One of the cool things about starting a blog a few days after Christmas is you get to do your annual blogiversary post around the time that everyone else is doing their year-end retrospectives. I started blogging at Hoarded Ordinaries on December 27, 2003, which means my blog-birthday was last Tuesday. Following the tradition of past years, here is a look back on the past year in blog-posts, now that Hoarded Ordinaries is eight years and several days old.
Just keep doing it
When I first started blogging, I tried to post every day; more recently, though, my posting has been less frequent. Now that I post photos to Flickr and quick jots and tittles to Facebook and Twitter, I typically save my blog for more substantial pieces, which means I tend to post about once or twice a week. There have been two exceptions to that in 2011, however. Last January, I participated in the “River of Stones” daily posting practice and thus shared a photo and short observation every day, a practice I plan to continue this January. And this past November, I participated in National Blog Posting Month by posting at least a photo every day.
This past year marked the end of an era as Osama bin Laden was killed, an event I reflected upon in a post titled “At last.” This past year also marked a significant milestone on the ten year anniversary of the September 11th attacks, which I remembered in a May post titled “Memorial” and a September post titled “Sunday on the Charles.” On a more personal level, this past May I moved out of my apartment in Keene, an experience I chronicled in “Moving On” and “Unbound.”
How fragile we are
The theme of mortality is a continual undercurrent here at Hoarded Ordinaries; as a Buddhist, I’m perpetually mindful of impermanence and the fleeting nature of the present moment. This realization of the precious fragility of sentient life is illustrated in “There will come soft rains,” which I wrote in response to the spring earthquake, tsunami, and nuclear crisis in Japan, and this same theme echoes throughout “When you live with an old dog,” which chronicles Reggie’s recent decline into old age. In September, a storm that knocked down countless limbs in our neighborhood inspired me to reflect on mortality in “Left hanging,” and earlier this month, a bit of graffiti reminding us that we’re “still gonna die” gave me a bit of “Perspective.”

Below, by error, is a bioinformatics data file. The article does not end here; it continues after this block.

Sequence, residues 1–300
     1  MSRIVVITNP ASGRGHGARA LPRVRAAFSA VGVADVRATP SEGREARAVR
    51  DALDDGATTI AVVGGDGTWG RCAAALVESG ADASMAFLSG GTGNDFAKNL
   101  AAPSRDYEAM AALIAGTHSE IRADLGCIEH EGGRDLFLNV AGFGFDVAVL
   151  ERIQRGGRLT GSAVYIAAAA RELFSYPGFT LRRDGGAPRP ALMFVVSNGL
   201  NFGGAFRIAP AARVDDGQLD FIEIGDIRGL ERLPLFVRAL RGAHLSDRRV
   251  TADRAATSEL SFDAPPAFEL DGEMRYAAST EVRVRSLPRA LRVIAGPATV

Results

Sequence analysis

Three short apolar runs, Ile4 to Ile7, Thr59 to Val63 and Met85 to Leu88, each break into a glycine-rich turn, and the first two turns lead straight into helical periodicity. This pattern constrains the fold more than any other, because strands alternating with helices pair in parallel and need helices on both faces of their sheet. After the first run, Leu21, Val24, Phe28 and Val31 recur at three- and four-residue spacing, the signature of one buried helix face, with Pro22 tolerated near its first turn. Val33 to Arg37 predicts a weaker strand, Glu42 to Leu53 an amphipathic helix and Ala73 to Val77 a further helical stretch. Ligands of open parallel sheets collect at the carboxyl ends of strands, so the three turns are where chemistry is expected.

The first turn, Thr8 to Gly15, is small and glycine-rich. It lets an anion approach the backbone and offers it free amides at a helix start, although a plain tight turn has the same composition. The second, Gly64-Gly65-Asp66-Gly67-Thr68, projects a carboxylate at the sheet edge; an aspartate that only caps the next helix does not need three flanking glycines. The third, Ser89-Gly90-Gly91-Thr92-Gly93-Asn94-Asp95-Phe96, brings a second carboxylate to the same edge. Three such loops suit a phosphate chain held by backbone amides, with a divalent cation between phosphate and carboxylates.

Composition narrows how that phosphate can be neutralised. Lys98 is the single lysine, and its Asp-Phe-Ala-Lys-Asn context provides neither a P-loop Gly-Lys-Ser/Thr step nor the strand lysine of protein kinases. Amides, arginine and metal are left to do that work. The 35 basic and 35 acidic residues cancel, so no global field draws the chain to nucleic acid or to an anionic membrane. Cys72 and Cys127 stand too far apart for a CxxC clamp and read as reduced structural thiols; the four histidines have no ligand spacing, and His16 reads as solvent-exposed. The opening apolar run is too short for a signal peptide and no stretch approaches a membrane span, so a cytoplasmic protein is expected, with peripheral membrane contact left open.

Art and Writing
I started Hoarded Ordinaries because I wanted a forum to showcase my writing; very quickly, however, this blog became a place where I marry word and image. Because of that ongoing focus, it should come as no surprise that I wrote about both art and writing in 2011. This past summer, Boston’s Museum of Fine Arts featured an exhibit of works by Dale Chihuly, which I blogged in both “Enormous” and “A thousand flowers.” (I never did get around to finishing a promised follow-up post about Chihuly’s “Ikebana Boat,” however.) In “Two views,” I blogged about an afternoon spent sketching with a friend; in “Returning,” I talked about the courage it takes to revise a piece of writing; and in “Completion,” I recounted the lessons I learned from writing 50,000 words of nonfiction during November’s National Novel Writing Month.
Traveling a great deal in Boston
Although J and I traveled to Los Angeles and Seattle in August, I didn’t blog our vacation. Instead, I wrote various posts inspired by day-trips J and made in and around Boston. In “Run like the wind,” we watched the Boston Marathon from a vantage point within walking distance from our house. In “Time upon time,” we visited an archeology exhibit at Boston College, and in “Between the lions,” we visited a Civil War exhibit at the main branch of the Boston Public Library. Finally, in “One picture” I shared (yes) one image from a walk in South Boston.
As a college writing and literature instructor, I spend a lot of time reading student papers, so any time I’m able to devote to pleasure reading is precious. Although I didn’t blog any full-length book reviews in 2011, I did write several posts that were inspired by books I was reading at the time. “Remembered landscapes,” for instance, is a meditation on walking and place inspired in part by Teju Cole’s Open City. “In sickness and in health” was my response to Diane Ackerman’s recent book about her husband’s recovery from a stroke, One Hundred Names for Love, and my Christmas Eve post, “Christmas Finches,” was inspired in part by an earlier Ackerman book, A Slender Thread, which describes her experience working for a suicide prevention hotline.
So that is the year that was here at Hoarded Ordinaries; who knows what the next year will bring, blog- or otherwise. Here’s hoping 2012 will be happy, healthy, and hopeful for us all.